Gerald Buckley couldn’t tell you much about his prostate cancer treatments at Precision CyberKnife of New York, except that they were easy and painless. “Talk about not hurting or being invasive!” he said. “I fell asleep during four of the five treatments when they put the headsets on and played country music. I was laying there for 45 minutes and went right to sleep.”
And following each of his five treatments over a two-week period, during which the father of three and grandfather of seven said he did not experience any discomfort or pain, “I could do anything I wanted. It didn’t put me down or put me out at all. I still did all the same things. I’d go to the beach. I’d read the newspaper. I’d go out to see the grandchildren. Nothing changed.”
Gerald, 69, learned that he had prostate cancer after a visit to his doctor and routine blood tests. “For the longest time, my PSAs were okay and then they started to go up,” he said.
Prostate-specific antigen, or PSA, is a protein produced by cells of the prostate gland. A PSA test measures the level of PSA in a man’s blood, and the blood level of PSA is often elevated in men with prostate cancer.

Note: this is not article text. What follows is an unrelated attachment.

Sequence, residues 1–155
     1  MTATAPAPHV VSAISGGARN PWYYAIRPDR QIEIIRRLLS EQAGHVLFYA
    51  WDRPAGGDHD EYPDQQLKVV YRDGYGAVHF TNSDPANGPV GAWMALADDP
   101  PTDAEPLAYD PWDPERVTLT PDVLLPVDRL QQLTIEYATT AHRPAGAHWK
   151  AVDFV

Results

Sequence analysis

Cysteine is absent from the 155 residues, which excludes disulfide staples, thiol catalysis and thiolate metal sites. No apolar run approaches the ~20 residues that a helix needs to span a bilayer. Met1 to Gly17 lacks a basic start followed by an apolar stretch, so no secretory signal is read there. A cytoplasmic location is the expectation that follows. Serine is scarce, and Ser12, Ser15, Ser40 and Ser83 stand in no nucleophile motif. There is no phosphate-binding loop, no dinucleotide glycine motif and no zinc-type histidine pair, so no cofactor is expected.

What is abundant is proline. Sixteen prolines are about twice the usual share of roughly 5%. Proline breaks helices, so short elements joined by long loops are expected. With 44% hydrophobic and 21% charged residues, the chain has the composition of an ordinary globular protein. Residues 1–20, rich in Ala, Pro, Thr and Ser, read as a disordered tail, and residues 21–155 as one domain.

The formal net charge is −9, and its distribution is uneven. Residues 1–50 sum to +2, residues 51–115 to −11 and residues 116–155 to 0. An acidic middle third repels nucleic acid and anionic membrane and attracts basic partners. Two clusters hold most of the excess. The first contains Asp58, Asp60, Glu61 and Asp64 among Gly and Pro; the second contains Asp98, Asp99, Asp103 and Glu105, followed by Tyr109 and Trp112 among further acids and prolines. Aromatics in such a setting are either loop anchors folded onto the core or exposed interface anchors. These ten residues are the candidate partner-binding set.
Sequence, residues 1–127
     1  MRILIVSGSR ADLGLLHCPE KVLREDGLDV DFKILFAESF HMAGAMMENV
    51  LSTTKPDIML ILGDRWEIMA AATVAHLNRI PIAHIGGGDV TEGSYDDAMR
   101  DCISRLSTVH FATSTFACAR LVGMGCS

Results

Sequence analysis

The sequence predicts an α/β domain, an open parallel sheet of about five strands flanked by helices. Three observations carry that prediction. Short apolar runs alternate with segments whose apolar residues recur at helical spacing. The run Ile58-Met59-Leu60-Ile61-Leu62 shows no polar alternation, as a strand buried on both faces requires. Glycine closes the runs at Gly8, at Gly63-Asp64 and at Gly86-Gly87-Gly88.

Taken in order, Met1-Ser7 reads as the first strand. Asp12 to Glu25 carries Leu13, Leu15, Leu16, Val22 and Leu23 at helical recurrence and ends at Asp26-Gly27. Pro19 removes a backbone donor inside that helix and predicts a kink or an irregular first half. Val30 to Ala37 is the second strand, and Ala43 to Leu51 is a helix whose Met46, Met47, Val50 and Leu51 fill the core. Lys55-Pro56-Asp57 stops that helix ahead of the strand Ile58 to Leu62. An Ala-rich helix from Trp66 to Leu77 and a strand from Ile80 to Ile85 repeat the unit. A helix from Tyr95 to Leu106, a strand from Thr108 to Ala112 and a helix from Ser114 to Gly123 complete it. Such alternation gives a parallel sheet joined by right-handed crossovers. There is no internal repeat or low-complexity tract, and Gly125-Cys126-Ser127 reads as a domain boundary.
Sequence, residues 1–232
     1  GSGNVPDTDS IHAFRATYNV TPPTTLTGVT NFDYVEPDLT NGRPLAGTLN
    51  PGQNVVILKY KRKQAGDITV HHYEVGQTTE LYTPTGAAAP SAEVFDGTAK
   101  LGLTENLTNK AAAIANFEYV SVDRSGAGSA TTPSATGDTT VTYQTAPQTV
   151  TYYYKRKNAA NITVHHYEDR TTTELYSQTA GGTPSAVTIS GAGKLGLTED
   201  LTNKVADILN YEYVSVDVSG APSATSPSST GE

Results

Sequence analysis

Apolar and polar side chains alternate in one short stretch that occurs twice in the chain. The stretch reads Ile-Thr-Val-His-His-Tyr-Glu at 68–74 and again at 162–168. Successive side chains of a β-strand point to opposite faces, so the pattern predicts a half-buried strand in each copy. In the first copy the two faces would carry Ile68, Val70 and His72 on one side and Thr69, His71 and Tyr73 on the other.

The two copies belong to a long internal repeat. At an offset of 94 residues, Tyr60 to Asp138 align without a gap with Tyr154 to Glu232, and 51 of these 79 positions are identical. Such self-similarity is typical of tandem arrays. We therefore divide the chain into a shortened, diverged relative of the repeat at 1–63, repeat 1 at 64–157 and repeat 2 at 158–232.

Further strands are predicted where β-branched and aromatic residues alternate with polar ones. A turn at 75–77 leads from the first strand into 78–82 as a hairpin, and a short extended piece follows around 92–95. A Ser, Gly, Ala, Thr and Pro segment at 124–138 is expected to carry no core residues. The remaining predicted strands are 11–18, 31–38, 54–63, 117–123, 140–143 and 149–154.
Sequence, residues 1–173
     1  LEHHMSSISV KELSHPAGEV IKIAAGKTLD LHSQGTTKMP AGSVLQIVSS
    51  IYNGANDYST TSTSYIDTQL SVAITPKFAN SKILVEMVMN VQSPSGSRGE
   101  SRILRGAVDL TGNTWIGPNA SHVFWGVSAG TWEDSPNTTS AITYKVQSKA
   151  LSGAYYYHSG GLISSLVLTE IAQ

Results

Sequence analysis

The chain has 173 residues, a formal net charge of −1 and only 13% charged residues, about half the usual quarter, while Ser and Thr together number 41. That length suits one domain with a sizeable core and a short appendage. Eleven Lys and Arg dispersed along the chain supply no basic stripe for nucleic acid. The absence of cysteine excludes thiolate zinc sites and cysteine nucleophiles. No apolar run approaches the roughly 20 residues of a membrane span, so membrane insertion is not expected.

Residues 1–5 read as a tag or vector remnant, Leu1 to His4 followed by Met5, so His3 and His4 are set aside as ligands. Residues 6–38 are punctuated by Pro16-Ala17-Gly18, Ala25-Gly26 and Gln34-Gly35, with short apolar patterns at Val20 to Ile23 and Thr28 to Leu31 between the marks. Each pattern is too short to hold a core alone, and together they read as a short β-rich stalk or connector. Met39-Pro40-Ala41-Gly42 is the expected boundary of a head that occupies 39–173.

Gerald saw urologist Albert Kim, MD, who did a biopsy and determined Buckley had prostate cancer.
“When I was diagnosed with prostate cancer my doctor offered several different treatment options, and a friend of mine who went through Precision CyberKnife a year earlier said it was easy and good,” he said. “When I went back to my doctor, I said I wanted to try Precision CyberKnife and he said I was a good candidate.”
At Precision CyberKnife, a program of Mather Hospital at New York Cancer and Blood Specialists, Gerald spoke with radiation oncologist Martin Silverstein, MD.
“I’ve been a practicing radiation oncologist for more than 25 years. I’ve seen great advances in radiation technology. Precision CyberKnife is one of the most amazing breakthroughs in radiation delivery that I’ve seen in my career,” said Silverstein.
“I would recommed Precision CyberKnife because it was a very good experience and it did what it was supposed to do. It was a much better experience than I thought it would be and the people were great there,” said Gerald.
Since his treatments, Gerald’s PSA levels have continued to decline. “I’m looking forward to the PSAs continuing to go down and that’s what my doctor expects,” he said.